The one thing I didn't like about this project was the yarn. My one requirement for the project was that Mom choose yarn from my stash, and I've used this yarn - Jo Sharp Silkroad DK Tweed - before without a problem, but I thought the stitch definition was terrible on the Calorimetry. It's all 2x2 ribbing, something I could do in my sleep, but the ribs all look uneven. It looks fine from a distance and will keep Mom's ears warm, but I don't know if I could make something for me out of it. I would notice the problem every time I looked at the object and it would drive me crazy.

The Specs
Rav Link: Mom's Calorimetry
Pattern: Calorimetry from Knitty's Winter 06 edition
Yarn: Jo Sharp Silkroad DK Tweed in Boheme (1 skein; 147 yards)
Needles: 4.0 mm (US 6)
Size: about 5 inches across at the widest point
Notes: I thought there were too many "button holes" and when I make this pattern again, I'll probably add some short rows with wraps after the first few turns to close up the holes.

*I can't rag on her too much - I did the same thing multiple times this winter. They're just so easy to slide into!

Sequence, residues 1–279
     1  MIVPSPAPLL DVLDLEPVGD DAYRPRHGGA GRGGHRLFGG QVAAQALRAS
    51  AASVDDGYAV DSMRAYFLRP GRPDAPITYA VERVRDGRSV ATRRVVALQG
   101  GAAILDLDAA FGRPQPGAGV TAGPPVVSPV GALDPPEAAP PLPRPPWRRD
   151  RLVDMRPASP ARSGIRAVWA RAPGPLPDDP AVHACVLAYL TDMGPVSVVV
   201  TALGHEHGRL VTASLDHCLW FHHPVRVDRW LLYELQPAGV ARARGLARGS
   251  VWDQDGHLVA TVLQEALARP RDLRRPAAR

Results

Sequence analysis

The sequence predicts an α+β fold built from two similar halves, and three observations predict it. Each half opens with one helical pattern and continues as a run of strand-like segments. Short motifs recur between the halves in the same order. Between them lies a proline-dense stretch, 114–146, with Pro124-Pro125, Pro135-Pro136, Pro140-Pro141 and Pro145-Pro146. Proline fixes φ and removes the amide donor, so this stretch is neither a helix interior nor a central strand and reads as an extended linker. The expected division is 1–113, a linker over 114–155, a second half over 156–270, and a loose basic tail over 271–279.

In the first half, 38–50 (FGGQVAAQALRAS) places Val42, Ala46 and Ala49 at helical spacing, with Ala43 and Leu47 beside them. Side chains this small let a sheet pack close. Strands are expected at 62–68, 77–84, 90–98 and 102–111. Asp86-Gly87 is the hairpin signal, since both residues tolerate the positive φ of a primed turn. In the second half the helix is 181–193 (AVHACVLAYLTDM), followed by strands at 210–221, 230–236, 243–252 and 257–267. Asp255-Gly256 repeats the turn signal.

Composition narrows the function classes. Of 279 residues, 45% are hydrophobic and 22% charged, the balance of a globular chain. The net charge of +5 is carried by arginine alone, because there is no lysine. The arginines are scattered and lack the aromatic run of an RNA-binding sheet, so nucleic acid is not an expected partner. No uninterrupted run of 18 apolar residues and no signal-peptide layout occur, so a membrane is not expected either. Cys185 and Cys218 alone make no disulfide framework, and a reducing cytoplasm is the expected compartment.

February 17, 2010

FO: Blue Tweed Reading Mitts

2010 Mittens Moguls I've finished my first Ravelympics project! I competed in the 2008 Ravelympics with a single project and didn't even come close to finishing, so I'm thrilled that I've finished at least one project this time. I cast on for the Susie's Reading Mitts, my entry for the Mittens Moguls, during the opening strains of the Opening Ceremony and cast off while watching the Men's Snowboard Cross last night. I finished all the weaving in of ends and other finishing details in the early hours of February 16th, and bribed my little sister into acting as a hand model that morning.

I love, love, love the project! Like I said earlier, I had a few bad moments in the first glove, but the second glove went off without a hitch. I don't know if it's because I've spent so much time this week parked in front of the TV watching the Olympics or because I've knit primarily with fingering weight yarn, but this project flew off the needles. I am especially enamored with the clever turned under tops and bottoms. I think that little detail make the project.

Blue Tweed Reading Mitts

The Specs
Rav Link: Blue Tweed Reading Mitts
Pattern: Susie's Reading Mitts by Janelle Masters
Yarn: Queenland Collection Rustic Tweed in 913 (1 skein; 278 yards)
Needles: 3.5 mm (US 4)
Size: medium; I originally cast on for the large, since my hands are wide, but they were much to big. The mediums are a touch snug and ideally I would have gone up a couple of stitches, but I didn't know and wouldn't have wanted to rework the pattern anyways.
Helpful Hint: Leave a long enough tail to stitch in the turned under hem.

Blue Tweed Reading Mitts